The Surfrider Foundation, along with our Stop Poseidon Coalition partners, is celebrating an epic victory in the decades-long fight against a massive proposed desalination facility in Huntington Beach, California. Today’s Coastal Commission meeting was a moving reminder of the power of activism and the importance of the California Coastal Act and the governing body that upholds the law. Hundreds of people came together to oppose Poseidon’s proposed desalination plant, which was described by Coastal Commission Executive Director Jack Ainsworth as “simply the wrong project, in the wrong location, at the wrong time.”
After five hours of public comment and two and a half hours of deliberations, the California Coastal Commission voted unanimously to deny a permit for a 50 million gallon per day seawater desalination plant in Huntington Beach. This decision marks a hard won victory in a 20-year campaign to protect Huntington Beach’s coast from this disaster of a project.
“We are thankful that the Commissioners unanimously exercised their responsibility to protect, maintain, and where feasible, restore, our coastal zone and public trust resources. This proposed project absolutely flew in the face of coastal protection,” says Staley Prom, Surfrider Senior Legal Associate.
Despite a staff report recommending denial and multiple LA Times columns lambasting Poseidon earlier this week, the final decision was considered unclear until the final hour due to well-known pressures on the Commissioners from the Governor’s office. By denying the project, Commissioners courageously stood up to political pressure and properly upheld the Coastal Act’s policies to protect the coast from this damaging project.
“Today the Coastal Commission upheld their duty to protect California’s coast and ocean from harmful development,” says Mandy Sackett, Surfrider’s Stop Poseidon campaign lead, in response to the decision. “This is why we have the Coastal Act — to provide a check on coastal development that is independent of politics and profits, and to protect our coast for all people.”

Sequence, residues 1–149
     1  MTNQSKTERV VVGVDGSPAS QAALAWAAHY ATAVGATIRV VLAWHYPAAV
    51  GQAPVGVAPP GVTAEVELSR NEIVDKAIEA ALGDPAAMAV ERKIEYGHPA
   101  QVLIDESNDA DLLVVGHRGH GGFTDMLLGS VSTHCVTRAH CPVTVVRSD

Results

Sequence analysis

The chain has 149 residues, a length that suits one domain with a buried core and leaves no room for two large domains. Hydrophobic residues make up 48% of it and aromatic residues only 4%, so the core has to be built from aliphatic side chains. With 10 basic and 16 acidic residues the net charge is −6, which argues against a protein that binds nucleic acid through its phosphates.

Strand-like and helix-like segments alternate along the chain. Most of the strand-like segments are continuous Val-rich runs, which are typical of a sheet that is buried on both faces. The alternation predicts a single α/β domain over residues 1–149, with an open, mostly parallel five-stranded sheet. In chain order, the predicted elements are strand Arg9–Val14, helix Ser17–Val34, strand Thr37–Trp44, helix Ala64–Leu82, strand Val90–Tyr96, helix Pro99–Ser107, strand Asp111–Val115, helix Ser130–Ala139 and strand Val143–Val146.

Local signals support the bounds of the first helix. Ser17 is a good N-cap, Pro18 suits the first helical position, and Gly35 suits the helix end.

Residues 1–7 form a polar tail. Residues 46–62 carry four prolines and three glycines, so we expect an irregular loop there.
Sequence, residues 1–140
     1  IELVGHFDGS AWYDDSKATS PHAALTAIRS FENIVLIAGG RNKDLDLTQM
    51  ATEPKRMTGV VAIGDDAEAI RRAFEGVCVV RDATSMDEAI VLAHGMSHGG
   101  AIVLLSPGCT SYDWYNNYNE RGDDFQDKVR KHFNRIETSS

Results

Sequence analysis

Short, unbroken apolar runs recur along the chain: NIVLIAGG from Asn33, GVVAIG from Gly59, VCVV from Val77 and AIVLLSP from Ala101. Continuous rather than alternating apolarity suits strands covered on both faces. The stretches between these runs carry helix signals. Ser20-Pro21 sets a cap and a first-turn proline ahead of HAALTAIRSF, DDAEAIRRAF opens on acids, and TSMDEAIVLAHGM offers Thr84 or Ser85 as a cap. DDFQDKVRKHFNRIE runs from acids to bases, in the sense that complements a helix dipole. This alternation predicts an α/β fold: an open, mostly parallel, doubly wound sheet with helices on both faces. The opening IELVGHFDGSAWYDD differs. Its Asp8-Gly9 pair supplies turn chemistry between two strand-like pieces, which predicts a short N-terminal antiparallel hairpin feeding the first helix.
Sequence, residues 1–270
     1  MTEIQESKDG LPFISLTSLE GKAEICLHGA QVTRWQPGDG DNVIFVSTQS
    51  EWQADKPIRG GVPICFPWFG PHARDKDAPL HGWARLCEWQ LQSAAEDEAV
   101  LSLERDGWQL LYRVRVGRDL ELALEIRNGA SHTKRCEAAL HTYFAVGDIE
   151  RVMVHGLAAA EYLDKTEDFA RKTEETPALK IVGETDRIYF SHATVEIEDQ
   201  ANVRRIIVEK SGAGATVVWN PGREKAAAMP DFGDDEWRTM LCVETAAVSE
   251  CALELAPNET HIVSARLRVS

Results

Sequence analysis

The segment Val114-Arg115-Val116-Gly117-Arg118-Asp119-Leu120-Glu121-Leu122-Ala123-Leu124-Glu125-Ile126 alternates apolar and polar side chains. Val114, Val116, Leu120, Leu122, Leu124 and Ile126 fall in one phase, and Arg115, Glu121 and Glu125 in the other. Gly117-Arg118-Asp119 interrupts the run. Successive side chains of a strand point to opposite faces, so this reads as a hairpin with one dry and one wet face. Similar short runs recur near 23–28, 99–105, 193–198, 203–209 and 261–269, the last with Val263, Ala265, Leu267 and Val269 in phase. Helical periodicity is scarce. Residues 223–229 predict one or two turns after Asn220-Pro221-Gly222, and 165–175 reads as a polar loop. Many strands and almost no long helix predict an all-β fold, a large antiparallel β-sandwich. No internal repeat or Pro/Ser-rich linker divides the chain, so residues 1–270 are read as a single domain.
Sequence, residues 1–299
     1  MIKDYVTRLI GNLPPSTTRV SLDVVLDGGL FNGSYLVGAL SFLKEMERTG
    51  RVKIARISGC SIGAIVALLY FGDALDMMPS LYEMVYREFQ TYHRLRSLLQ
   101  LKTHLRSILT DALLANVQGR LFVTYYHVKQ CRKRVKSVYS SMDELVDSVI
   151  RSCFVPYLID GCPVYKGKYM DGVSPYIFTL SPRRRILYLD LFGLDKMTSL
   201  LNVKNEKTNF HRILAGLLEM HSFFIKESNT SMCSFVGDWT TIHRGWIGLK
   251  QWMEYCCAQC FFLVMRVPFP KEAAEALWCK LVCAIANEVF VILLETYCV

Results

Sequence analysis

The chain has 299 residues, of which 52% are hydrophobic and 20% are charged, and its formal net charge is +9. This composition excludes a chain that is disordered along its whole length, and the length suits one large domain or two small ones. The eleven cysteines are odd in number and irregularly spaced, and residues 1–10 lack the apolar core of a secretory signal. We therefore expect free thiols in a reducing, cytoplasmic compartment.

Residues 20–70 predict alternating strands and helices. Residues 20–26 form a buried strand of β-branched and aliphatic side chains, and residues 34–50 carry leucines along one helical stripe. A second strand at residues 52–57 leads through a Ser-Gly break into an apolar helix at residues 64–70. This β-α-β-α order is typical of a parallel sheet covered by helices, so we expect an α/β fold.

The proposed project violated multiple Coastal Act and Huntington Beach Local Coastal Program policies, and Surfrider commended the Staff Report’s recommendation to deny the permit, on numerous bases. Those included but were not limited to the project’s impacts on public access and recreational opportunities; anticipated sea level rise, seismic, and coastal hazards concerns; environmental justice concerns; concerns related to siting mitigation in an area with extensive DDT pollution; and desal’s energy-intensive greenhouse gas impacts, which do not align with California’s climate goals. The 50 million gallon per day (MGD) desal facility would have drawn in more than 100 MGD of ocean water every day, having significant entrainment and impingement impacts on marine life, and yet Poseidon hadn’t even shown that it had secured a buyer or that this much water is actually needed.
Jennifer Savage (Surfrider) and Susan Jordan (California Coastal Protection Network) both kicked off public comment by appealing to the Commissioners’ sense for this responsibility. In this case, an approved project would have raised local water rates, razed an existing wetland, perpetuated development in a zone with multiple environmental hazards, and killed marine life.